Travelling creates an awareness of the goodness in all people
Why do we travel? What pushes us to fly for many hours, sometimes around the whole world?
Before any trip my heart always beats joyfully and I can’t fell asleep in anticipation of something unusual, new and exotic. I know that after the trip I will be slightly different. For me, travel is a way to better understand myself. I love to meet and talk to new people and observe them in their own worlds.
I remember when I was a young girl in the Soviet Union. We lived behind the Iron Curtain. Only a few of us could travel. Only privileged people from the Communist Party and famous artists or scientists were allowed out of the country. Travelling was like forbidden fruit, and therefore seemed so sweet.
My mother-in-law, Antonina, made an absolutely incredible journey in those days. For her outstanding landscape design for a new suburb of Irkutsk, she was awarded a trip on a cruise liner to Italy, France and Spain.
Time stood still as we waited for her return. When she came back, she gathered together a big group of her relatives and friends. We drank strong black tea with freshly baked cakes. We were thrilled and nervous. Our imaginations raced beneath the slow rituals of sipping and conversation.
Finally she turned off the light. On came a small projector and the magic began. We stared in fascination and wonderment at the slowly changing slides on the white wall. They were bright and colourful scenes from everyday life, but so different from ours. We saw views of cities we had only heard of and paintings and sculptures from museums that both intrigued and puzzled us. We gasped at how different it was from our dull, grey life in Siberia. For us it was more than a slide show, it was a small but remarkable window into another, unknown world; a free world with smiling people. It was alluring, teasing and oh so distant. I couldn’t even dream of travel at that time. I had no foreign passport and it was very hard to get one.
We bombarded Antonina with endless questions: “What kind of people are they? Are they the same as we are? Are they our enemies? Do they really want to have a war with us?”
She replied patiently but with passion. “No, they are the same as we are. They are very curious about us. They are interested in everything; our lives, our country, and communism. No, they don’t want war, and wish us well!”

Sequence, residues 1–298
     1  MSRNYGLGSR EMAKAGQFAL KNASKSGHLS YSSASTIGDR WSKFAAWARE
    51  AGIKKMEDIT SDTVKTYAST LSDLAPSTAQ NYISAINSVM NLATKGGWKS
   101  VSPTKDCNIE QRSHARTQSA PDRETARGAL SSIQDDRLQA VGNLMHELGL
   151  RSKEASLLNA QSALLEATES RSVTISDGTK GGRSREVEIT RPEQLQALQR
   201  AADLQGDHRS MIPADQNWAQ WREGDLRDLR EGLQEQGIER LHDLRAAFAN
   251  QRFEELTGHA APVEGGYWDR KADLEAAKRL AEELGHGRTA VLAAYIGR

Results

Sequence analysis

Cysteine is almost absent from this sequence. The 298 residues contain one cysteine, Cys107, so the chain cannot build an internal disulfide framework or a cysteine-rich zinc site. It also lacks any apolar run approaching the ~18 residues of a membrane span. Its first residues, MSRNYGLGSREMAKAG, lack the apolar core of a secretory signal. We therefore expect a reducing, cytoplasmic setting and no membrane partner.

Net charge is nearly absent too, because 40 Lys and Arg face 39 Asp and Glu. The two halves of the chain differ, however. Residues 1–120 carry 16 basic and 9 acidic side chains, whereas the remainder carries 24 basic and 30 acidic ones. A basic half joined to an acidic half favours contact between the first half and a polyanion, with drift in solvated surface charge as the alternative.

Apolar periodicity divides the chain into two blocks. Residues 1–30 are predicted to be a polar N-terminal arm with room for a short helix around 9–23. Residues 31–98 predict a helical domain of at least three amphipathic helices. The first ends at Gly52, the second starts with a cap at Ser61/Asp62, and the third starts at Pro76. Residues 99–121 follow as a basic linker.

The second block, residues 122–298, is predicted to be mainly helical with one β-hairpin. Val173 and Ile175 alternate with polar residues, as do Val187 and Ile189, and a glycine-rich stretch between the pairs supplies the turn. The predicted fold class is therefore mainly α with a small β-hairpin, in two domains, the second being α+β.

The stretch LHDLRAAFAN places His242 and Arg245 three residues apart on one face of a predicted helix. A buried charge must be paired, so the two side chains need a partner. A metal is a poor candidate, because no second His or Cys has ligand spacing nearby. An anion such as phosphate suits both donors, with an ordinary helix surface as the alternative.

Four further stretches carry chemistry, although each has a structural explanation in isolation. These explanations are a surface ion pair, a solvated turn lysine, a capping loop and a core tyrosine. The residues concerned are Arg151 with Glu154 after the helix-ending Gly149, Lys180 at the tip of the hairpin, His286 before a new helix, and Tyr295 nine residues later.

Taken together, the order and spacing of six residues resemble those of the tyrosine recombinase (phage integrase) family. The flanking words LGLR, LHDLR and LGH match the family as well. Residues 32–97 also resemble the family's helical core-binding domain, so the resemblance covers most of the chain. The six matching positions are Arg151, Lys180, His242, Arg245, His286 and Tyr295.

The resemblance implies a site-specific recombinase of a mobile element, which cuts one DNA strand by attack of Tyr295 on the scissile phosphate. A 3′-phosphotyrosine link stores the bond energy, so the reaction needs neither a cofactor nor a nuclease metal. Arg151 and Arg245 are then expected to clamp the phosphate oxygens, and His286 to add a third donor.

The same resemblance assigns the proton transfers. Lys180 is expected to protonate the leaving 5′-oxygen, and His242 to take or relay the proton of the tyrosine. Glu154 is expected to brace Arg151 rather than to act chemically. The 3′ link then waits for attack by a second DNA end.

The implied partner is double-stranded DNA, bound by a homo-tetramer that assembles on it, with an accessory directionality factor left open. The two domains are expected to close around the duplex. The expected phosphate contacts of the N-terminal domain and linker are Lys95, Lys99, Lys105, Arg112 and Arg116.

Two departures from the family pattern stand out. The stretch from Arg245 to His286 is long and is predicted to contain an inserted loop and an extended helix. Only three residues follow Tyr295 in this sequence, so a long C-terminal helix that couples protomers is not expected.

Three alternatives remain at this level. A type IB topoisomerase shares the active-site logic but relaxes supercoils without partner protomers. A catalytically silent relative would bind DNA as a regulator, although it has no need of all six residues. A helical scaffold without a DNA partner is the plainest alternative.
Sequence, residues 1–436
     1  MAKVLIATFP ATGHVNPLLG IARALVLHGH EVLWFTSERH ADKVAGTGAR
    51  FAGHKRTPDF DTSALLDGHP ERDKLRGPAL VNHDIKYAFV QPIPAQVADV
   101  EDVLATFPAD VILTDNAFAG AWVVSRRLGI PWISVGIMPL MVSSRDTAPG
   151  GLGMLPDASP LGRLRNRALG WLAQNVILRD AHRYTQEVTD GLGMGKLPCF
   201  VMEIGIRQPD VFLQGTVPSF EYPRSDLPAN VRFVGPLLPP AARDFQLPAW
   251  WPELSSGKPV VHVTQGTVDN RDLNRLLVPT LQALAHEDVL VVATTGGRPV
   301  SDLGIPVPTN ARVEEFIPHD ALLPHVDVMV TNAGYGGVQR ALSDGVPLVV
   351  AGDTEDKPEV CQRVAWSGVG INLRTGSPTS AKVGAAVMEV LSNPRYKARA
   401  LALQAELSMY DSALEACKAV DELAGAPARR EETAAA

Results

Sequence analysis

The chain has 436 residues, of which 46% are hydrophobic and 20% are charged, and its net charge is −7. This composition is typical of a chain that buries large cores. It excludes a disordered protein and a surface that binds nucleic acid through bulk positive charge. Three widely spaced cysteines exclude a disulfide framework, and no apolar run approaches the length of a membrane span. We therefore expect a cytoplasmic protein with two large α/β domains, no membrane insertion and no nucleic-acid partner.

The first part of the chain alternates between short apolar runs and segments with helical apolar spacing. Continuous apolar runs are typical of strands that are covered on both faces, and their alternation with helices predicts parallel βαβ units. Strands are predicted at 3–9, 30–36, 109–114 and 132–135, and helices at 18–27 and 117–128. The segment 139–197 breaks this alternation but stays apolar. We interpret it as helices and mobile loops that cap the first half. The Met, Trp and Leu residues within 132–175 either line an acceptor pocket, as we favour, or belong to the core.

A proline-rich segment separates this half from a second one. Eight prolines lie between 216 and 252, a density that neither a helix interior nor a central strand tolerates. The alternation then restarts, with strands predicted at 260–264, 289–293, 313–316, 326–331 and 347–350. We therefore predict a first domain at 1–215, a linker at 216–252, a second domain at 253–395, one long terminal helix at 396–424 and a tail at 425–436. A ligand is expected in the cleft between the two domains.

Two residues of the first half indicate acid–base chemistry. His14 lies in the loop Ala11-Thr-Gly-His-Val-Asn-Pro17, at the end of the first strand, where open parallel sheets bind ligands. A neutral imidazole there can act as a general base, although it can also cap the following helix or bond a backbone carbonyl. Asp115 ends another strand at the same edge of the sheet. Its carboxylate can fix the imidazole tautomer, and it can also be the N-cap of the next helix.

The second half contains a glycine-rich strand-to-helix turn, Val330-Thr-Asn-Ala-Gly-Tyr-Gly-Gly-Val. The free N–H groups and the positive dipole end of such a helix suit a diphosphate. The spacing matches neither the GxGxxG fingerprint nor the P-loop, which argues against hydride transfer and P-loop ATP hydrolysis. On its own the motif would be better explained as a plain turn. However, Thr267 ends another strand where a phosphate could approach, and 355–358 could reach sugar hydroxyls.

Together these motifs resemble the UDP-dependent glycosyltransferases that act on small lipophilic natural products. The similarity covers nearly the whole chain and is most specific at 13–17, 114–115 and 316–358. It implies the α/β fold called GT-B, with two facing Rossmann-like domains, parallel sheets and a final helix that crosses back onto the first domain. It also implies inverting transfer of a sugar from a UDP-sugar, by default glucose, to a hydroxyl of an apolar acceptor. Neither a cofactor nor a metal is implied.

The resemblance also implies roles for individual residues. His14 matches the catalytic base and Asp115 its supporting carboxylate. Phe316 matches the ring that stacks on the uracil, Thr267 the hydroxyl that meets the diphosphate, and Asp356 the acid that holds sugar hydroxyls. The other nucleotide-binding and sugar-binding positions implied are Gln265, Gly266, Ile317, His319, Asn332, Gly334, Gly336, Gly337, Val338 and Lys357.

I think of Antonina so long ago, answering each of us with a smile. She had been to the other side, and returned. Even then, I sensed travel had changed her.
Travelling has made me the person I am now: free, tolerant, sensitive, understanding, accepting and respectful of other cultures and religions. It came from countless small incidents.
Like watching people from Buddhist countries who never shout, who never argue on the street, who are always calm and friendly and polite. I asked myself the question, “Why are they like that? How did they learn this? Can I become like this?” And I tried to change myself.
Now I can’t be mad or angry in public any more because when I get angry I remember my conversation with a lovely, calm Thai woman from our hotel. She told me that she deals with many demanding people and if she starts to get annoyed at some of them she does not give herself thoughtlessly to her emotions but calmly analyses them. She mentally separates herself from them and concentrates on her breathing.
“My heart beats so fast I have to breathe deeply. I look at them from a place deep inside myself, a place of compassion.”
I remembered how a very old Balinese man with a toothless smile helped Bill, who was fumbling with his sarong. He reached his thin arms around his waist and deftly tied it, so Bill could join the service.
Late for an appointment, I also recall our elderly bus driver in Thailand beaming mightily as he jumped to the pavement. To my huge surprise, he took me by the arm and walked me to the nearest traffic light, pressed the button and waited until we started to cross at just the right time through the crazy traffic. He did it all with such joy and a sincere desire to help, radiating positive energy and good intention. It was both caring and sweet.
He did not expect anything, he just wanted with all his being for me to be safe and find our destination. His attitude touched my heart. If each person put a piece of his soul, even the tiniest, into what he does, the world would become a much better and kinder place.
For me, travel is a mosaic of small lessons that create an awareness of the goodness in all people. You create this picture of humanity as you go through life, and tolerance and appreciation are your palette. The colours are everywhere.
• Nina London is a certified wellness and weight-management coach. Her mission is to support and inspire mature women to make positive changes in their body and mind. Share your inspirational stories with her at ninalondon.com
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